The Saffron Spice – A Documentary Watched

I was watching this extremely interesting documentary about the spice Saffron. I never knew how incredibly important this spice really was until I watched it on a special programming. These farmers when they go out to pick Saffron from the purplish flower they get this spice from, I never knew how important it was to them as they have safes to lock it up and some say its they’re life, its they’re livelihood. I couldn’t believe how much of an effect a spice has for people and its the way they make a living. Saffron comes from many countries like Morocco, Spain and other parts of the world. Saffron is extremely difficult to take out from the flower and its a long process from it being harvested and brought to their small villages where later the ladies and men pick them. Now the Saffron flower has a special season where they grow it and it is the most expensive spice in the world to date. The following links actually gives a little more information and description as to what I am talking about. There is just so much information on this beautiful spice that this is a big deal for some people.

http://en.wikipedia.org/wiki/Saffron

http://www.saffron.com/what.html

Since learning about Saffron, I have a new profound respect and appreciation as I love to learn about interesting things like this and watch educational and wonderful shows that teach people about different things. I try to saturate myself with educational programs, documentaries, how things are made, and things that are worthwhile to watch on TV. I knew what saffron was because when I go to spice shops and supermarkets, they sell them there and they are so expensive and tonight when I watched the documentary, I finally knew the reason why this was such a valuable ingredient and resource of our life. I couldn’t believe how incredible and beautiful it really is. I just hope people around the world appreciate these spices and where it comes from. It is not easy to produce spices and in the same show they spoke about Vanilla as well and I just cannot believe how big of a process it is. We must learn to appreciate the spices we have and look at them closely and think that oh wow, these spices were harvested through hard work and how the earth’s resources are such a valuable thing and some try to preserve them as much as possible. We should be grateful for what we have in our pantries. Now although we may have the powdered kinds of some spices, but in the show I watched on TVO explained the real saffron from a fake and they did experiments from different saffrons from different countries and regions of the world. This was so interesting to me that I have to blog about it today. It was unlike anything I had ever seen before and I want to travel to Spain and Morocco and experience the Saffron harvesting myself and go to the villages and be with people whom take so much pride into it. What a beautiful thing.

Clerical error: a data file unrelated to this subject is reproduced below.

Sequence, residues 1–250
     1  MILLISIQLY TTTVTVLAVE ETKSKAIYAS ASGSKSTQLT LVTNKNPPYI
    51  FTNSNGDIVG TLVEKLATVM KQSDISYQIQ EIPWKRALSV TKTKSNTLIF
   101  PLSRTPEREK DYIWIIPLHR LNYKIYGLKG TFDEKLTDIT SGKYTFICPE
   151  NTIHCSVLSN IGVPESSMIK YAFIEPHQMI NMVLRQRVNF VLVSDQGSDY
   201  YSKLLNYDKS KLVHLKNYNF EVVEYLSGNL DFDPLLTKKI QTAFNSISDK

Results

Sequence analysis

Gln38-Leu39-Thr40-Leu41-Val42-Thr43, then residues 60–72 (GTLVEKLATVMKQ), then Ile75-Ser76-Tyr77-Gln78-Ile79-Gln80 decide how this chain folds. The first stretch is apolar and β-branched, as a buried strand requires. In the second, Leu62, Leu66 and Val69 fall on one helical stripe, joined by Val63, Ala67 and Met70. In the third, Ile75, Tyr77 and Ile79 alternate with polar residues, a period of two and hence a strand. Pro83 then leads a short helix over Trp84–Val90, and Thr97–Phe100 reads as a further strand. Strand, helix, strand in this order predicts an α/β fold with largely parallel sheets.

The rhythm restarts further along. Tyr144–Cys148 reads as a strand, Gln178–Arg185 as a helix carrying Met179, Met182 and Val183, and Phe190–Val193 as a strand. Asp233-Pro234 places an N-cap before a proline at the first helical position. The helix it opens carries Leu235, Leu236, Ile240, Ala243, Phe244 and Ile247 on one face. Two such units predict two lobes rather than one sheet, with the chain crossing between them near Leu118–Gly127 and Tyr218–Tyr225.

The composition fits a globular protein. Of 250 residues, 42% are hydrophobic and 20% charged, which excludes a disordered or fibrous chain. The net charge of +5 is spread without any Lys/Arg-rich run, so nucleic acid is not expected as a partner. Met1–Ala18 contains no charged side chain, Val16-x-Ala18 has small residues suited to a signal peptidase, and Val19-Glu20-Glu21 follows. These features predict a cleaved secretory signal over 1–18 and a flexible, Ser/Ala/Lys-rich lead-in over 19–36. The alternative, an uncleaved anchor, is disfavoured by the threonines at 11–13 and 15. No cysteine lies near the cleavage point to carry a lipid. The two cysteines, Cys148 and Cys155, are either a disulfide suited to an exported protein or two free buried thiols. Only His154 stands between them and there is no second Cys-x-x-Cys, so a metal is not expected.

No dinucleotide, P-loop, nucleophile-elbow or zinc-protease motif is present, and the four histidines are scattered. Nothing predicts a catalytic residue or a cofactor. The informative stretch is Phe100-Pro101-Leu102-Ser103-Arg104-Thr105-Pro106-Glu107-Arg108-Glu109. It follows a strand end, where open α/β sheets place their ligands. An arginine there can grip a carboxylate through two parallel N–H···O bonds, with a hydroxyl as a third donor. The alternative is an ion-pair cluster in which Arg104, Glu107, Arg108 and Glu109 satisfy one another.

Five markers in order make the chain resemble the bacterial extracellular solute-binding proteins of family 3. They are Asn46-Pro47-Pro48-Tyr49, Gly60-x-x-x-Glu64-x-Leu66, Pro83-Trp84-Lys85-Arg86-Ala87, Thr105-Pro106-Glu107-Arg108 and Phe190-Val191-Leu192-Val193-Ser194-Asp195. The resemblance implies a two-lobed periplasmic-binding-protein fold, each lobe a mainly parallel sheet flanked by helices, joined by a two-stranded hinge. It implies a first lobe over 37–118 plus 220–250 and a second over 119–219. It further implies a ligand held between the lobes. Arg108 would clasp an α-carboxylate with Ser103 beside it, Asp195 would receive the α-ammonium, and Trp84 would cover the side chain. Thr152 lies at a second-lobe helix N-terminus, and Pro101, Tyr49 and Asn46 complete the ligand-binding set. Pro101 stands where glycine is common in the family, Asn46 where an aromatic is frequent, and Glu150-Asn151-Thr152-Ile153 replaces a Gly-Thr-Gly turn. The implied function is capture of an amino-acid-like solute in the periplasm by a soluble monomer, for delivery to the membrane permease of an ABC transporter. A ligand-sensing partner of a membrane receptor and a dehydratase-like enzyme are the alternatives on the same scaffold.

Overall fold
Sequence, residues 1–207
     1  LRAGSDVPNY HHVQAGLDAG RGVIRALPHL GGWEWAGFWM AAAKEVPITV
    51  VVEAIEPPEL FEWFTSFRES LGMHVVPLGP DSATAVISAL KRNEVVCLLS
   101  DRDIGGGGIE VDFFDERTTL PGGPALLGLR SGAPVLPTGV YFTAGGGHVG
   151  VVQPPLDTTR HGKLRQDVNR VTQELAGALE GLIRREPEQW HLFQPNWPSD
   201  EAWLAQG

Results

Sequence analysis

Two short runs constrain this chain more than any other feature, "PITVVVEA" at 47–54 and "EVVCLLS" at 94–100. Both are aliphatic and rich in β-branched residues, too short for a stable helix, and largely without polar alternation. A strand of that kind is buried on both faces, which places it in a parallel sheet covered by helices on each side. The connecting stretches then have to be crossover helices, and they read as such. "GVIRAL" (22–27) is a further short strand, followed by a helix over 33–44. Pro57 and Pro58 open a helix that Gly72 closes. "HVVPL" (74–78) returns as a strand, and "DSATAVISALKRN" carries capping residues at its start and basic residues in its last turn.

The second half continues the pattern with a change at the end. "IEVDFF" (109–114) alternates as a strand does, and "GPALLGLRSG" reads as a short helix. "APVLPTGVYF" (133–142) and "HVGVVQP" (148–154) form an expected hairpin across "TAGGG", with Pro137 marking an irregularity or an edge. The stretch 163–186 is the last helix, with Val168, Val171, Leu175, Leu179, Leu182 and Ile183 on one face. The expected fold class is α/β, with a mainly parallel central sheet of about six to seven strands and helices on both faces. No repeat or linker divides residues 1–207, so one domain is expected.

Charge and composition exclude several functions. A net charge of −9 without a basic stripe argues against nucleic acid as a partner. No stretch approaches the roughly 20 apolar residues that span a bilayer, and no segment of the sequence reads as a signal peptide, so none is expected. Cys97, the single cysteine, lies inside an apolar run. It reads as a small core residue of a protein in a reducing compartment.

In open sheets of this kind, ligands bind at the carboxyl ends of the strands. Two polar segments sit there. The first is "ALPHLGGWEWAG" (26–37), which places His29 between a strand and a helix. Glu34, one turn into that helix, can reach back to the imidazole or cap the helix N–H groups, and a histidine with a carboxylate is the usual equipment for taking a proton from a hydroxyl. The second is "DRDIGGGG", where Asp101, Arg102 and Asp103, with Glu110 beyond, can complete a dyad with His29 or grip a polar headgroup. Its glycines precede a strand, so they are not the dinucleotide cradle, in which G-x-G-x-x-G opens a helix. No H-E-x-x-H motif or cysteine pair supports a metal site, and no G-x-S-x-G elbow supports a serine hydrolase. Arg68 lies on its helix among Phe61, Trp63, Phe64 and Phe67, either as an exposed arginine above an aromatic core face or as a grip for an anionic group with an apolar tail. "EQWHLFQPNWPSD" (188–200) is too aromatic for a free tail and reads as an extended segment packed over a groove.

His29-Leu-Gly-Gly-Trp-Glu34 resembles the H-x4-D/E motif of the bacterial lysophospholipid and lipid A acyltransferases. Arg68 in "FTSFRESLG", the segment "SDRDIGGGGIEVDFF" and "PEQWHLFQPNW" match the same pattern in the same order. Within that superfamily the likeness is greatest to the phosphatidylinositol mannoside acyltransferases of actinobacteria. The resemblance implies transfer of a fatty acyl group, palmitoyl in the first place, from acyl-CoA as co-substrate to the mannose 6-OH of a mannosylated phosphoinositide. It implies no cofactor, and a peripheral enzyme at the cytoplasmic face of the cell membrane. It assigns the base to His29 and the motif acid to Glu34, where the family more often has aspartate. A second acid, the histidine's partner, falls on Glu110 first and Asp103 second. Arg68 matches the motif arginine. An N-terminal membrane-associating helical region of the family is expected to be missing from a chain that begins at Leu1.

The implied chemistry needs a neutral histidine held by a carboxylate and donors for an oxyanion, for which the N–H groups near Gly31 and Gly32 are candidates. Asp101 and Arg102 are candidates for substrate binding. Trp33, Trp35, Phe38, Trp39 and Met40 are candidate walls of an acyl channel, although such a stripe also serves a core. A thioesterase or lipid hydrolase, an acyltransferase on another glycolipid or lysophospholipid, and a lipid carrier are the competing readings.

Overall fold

7 thoughts on “The Saffron Spice – A Documentary Watched

  1. Missus Tribble says:

    Saffron certainly has a long and colourful history here in England. In Medieval England it was quite popular and common – but only the very rich could afford it.

    Then climate and farming changes occurred, and suddenly the specific purple crocus wasn’t so readily available – Saffron had also gone out of fashion and only very rarely was it used in banquets..

    Nowadays it is still a coveted, very expensive spice, because it’s so difficult to harvest and store. We buy large bags from eBay because it’s so much cheaper to buy in bulk, and I use it in a lot of my cooking; there are also pickling/preserve recipes that call for the colour and flavour of Saffron.

    It’s a wonderful spice, which has fascinated me for years. It is also a beautiful colour!

  2. j3ssi33ss3x says:

    Saffron is one of the most expensive spices. It has a beautiful yellow color. I use it when cooking for guests. Very little is needed to bring out an unforgettable flavor when used to prepare mussels. In the early days of America’s settlers only the very wealthy could afford any spices at all and they were kept in locked boxes so they could not be easily stolen.

    Great subject, nice blog!!!

  3. Eliza Shane says:

    Thanks for this info! It is amazing the things we sometimes take for granted. There is a whole big world out there going on outside our own lives :-).

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